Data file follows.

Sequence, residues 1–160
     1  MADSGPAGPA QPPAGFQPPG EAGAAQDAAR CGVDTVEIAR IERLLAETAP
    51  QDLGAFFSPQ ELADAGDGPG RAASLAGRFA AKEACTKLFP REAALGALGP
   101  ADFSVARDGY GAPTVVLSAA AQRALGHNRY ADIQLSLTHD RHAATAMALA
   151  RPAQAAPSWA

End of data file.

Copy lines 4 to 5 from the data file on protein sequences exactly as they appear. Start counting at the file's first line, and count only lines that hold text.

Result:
   101  ADFSVARDGY GAPTVVLSAA AQRALGHNRY ADIQLSLTHD RHAATAMALA
   151  RPAQAAPSWA